For a taste of the Tour de France you can instead cycle from Dunford Bridge to Holmfirth, which is only about 5 miles away. If you take in the famous Holme Moss climb – which was perhaps the highlight of the Grand Depart – you can work together a truly spectacular loop of cycling.
South of Chapel-en-le-Frith, Buxton is excellently placed amongst miles of cycling routes. One good option is to head out from Buxton on the A5004 to Fernlee Reservoir. You can follow the road out to take a right along Manchester Road towards Chapel-en-le-Frith.
Once you reach Chapel-en-le-Frith; you’ll be able to cycle through it and then take a right down Buxton Road back towards your start point. That circular route will take in some excellent views over about 20 miles, with limitless potential to widen the journey.
Alternatively you can head out East towards Ashford in the Water; or even West towards Macclesfield. Ashboune, Hollinsclough and Longnor are to the South. The Pavilion Gardens are a particular highlight of Buxton itself, with over 23 acres of restored grounds.
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Actually just outside the border of the Peak District, Glossop is particularly convenient for those in Manchester and Stockport. You won’t be short on choice for cycling here, with options in 3 different directions.
The Snake Pass winds east out of Glossop – right into the heart of the countryside towards Sheffield – making its way out towards the beautiful Ladybower Reservoir. If you’d rather cycle north of Glossop you can head up Woodhead Road towards the Woodhead Reservoir group.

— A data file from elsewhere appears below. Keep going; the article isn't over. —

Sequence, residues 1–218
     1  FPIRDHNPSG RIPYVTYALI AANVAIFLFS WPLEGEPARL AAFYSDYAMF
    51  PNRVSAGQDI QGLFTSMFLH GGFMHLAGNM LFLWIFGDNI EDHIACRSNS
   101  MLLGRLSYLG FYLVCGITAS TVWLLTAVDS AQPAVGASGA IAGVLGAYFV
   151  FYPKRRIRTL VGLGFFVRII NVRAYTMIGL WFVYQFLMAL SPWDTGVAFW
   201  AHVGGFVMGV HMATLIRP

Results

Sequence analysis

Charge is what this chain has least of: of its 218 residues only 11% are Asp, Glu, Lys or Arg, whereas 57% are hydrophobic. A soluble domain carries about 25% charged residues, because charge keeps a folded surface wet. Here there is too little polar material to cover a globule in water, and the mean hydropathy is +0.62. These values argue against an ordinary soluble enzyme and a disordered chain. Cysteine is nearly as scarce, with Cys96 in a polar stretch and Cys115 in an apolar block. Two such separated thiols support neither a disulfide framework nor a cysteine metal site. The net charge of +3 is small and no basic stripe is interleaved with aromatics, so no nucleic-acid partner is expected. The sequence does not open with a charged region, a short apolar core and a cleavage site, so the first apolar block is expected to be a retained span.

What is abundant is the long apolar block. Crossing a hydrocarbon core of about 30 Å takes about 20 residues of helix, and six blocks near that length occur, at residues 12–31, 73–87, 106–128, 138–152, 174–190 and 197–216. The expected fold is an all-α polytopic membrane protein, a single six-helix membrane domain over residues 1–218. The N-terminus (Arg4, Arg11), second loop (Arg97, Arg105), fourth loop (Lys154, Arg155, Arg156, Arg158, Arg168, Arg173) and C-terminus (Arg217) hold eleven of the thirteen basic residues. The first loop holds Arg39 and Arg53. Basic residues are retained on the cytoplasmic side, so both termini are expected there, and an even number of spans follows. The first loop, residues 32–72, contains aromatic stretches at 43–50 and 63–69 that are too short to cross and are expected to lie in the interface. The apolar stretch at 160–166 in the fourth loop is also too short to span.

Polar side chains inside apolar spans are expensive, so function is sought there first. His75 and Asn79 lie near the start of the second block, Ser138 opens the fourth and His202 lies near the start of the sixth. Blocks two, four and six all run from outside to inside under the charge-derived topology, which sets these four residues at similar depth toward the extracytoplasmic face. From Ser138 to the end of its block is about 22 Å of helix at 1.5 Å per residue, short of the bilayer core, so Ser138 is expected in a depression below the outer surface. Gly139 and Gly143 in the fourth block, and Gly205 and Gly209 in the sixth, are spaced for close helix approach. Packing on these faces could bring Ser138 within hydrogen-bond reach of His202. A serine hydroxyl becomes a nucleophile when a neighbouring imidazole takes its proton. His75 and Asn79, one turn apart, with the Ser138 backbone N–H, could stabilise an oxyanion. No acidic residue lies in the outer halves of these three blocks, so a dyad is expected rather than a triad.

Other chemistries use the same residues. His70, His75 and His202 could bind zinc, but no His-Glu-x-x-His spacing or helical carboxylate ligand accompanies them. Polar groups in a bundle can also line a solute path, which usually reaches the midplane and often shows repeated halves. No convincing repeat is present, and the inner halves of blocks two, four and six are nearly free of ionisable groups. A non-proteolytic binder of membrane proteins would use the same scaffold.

Or, if you’d rather head in a southerly direction you can cycle towards Little Hayfield, with Kinder Reservoir just to the east of that location. Both of those places can provide a geographical landmark on an alternative route.
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These are just a few locations throughout the Peak District that can provide a start or end point to some fantastic cycling in the countryside. If you have some routes of your own that you’d like to share with the Wheelie Good Guys articles please send us some information over and we’ll get them published.
If you have any images to go with them; or just some photos of some great rides, we’d be just as keen to hear from you. Email email@example.com and we’ll get back in touch with you as quickly as possible.
For more information on both Peak District cycling and cycling Sheffield, don’t hesitate to pose us a question through our fantastic forum. It’s only recently been set up; and it provides our audience with a chance to ask:
– Wheelie Good Guys for advice on local cycling
– JE James Cycles for technical cycling advice
– Wosskow Brown personal injury solicitors for free legal advice
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It is important to stay safe whilst you are out cycling and at Wheelie Good Guys we are champions of cycling safety. None of the work we do however; would be possible without the help if Ian Brown. Ian is the UK Cycling Speedway Commissioner; as well as a personal injury solicitor for Wosskow Brown.